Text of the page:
9 to 5 and the Male Gaze

In this series, “The Textures of Sexuality,” we have undergraduate students from two schools considering how the body is implicated in the storytelling devices used in popular media. Baker University Student Jordan House analyzes “The Male Gaze” and how the movie 9-5 breaks that “rule.”  

Laura Mulvey once said, “In a world ordered by sexual imbalance, pleasure in looking has been split between active/male and passive/female.” This quote sets the tone for entertainment business. The “Male Gaze” is a term that was coined by Mulvey in 1975, and it refers to the objectification of women in all movies. This idea does make sense when thinking about it.

Black Widow spends most of the time in the Avengers and other Marvel movies running around in a skin tight suit and is often shot in poses that sexualize her body and Padme is reduced to a love interest and mother in the Star Wars franchise. However, while the idea still hurts a little bit, it makes watching movies a challenge. As a self-identified feminist, I felt a lot of dissonance about liking movies that treat women in a way that I do not agree with at all. It was disappointing to realize the whole entertainment industry, which often is described as the most liberal industry is sexist just like society as a whole. However, I immediately thought of one movie that was different – 9 to 5.    

The concept of the male gaze comes in three parts: the director, the subject, and the spectator. The director in the case of 9 to 5 was male, but it was co-written by a woman. This is interesting because while most of the material was directed by a man, there was a large part of the script that was written by a woman. The subject of the movie is where the gaze gets tricky as it is about three women overthrowing their misogynic boss. Each of these women have a different background and at the beginning of the film seem to be affected by the gaze. Lily Tomlin’s character is one of the most experienced workers in her field, yet she is overlooked for a promotion by her male counterpart. Jane Fonda’s character has never been an independent person until her husband cheated on her. Lastly, Dolly Parton’s character is classified as the office floozy because of her clothing and her perceived relationship with the boss.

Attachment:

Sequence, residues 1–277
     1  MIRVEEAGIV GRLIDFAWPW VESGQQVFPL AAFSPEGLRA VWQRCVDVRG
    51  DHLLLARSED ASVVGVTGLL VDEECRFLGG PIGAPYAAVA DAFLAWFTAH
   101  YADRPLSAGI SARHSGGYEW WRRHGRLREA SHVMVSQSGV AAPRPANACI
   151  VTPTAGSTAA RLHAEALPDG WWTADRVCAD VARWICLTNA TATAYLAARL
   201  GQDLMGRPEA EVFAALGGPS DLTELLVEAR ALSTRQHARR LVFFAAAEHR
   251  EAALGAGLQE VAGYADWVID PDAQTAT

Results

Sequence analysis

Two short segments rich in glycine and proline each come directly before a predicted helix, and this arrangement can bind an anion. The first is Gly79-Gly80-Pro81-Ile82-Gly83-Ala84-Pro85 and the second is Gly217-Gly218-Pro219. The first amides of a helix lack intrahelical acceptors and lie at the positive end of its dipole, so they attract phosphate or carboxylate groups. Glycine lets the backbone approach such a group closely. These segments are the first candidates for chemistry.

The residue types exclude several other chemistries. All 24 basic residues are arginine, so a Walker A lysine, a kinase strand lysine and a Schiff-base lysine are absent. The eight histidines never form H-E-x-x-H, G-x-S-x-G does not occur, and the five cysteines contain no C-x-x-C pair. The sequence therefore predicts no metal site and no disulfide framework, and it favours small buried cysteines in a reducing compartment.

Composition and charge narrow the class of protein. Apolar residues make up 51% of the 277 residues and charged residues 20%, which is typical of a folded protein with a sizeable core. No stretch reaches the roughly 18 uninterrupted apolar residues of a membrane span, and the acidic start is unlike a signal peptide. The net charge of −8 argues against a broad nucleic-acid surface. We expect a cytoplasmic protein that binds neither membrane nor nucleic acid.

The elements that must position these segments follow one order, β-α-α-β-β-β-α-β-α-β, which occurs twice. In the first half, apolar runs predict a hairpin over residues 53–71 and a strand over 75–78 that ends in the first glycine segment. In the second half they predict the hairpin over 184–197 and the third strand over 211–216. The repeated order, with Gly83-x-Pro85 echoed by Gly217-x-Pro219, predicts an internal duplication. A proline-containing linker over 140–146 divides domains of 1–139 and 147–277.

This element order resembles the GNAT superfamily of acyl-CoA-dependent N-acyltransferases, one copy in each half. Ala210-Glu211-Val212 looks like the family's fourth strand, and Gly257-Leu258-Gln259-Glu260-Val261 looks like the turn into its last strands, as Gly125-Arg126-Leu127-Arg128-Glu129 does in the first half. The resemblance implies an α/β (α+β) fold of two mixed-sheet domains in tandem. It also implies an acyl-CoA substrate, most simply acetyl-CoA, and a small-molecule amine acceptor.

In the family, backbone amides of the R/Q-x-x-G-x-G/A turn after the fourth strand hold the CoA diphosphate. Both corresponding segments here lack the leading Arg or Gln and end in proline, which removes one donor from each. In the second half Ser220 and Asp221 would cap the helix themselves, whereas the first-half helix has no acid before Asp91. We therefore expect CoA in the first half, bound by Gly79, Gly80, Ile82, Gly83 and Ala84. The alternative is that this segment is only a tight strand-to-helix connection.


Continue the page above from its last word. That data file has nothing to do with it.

Once these women decide that they need to get rid of the boss, the movie loses the gaze that is once held.

Picture from https://www.moviefone.com/2010/06/28/scenes-we-love-9-to-5/

The characters decide that they need to kidnap and tie up their boss so that they can run the company the way they feel it should be. When the only major male character is out of the picture, then we see the women in new roles. We see Fonda’s character finally has independence and confidence in herself, Tomlin’s character is the boss of the company like she deserved, and Parton’s character loses the role of the floozy of the company and gains the respect of her co-workers. Once the man is out of the office, we see that the atmosphere of the movie shifts. The women in the office are much more friendly, comfortable, and effective. Therefore, the lens is temporarily removed until the boss returns in the end of the movie. When someone higher up in the company returns, the boss gets the credit for the changes the women made. However, if they confess, they might face jail time. In the end, however, the three women take over as bosses of the company while their boss gets a “promotion” in South America.

As a spectator of 9 to 5, it was refreshing to see a movie break the lens in a major way. We do not have to focus on how these women relate to their male counterparts as they are allowed to focus on how they function as complete. We do not have to shift into the place of the male like Mulvey suggests in other films such as the Avengers or StarWars, where the female characters are more objects than subjects of the story. Therefore, there is at least one film that destroys the gaze and would make Mulvey proud. You go, 9 to 5.

GIF from BuzzFeed

resized_5914c30ed87f1.jpgJordan House is a student at Baker University where he studies religion and culture with Dr. Nicholaus Pumphrey, who has also contributed to Sowing The Seed.

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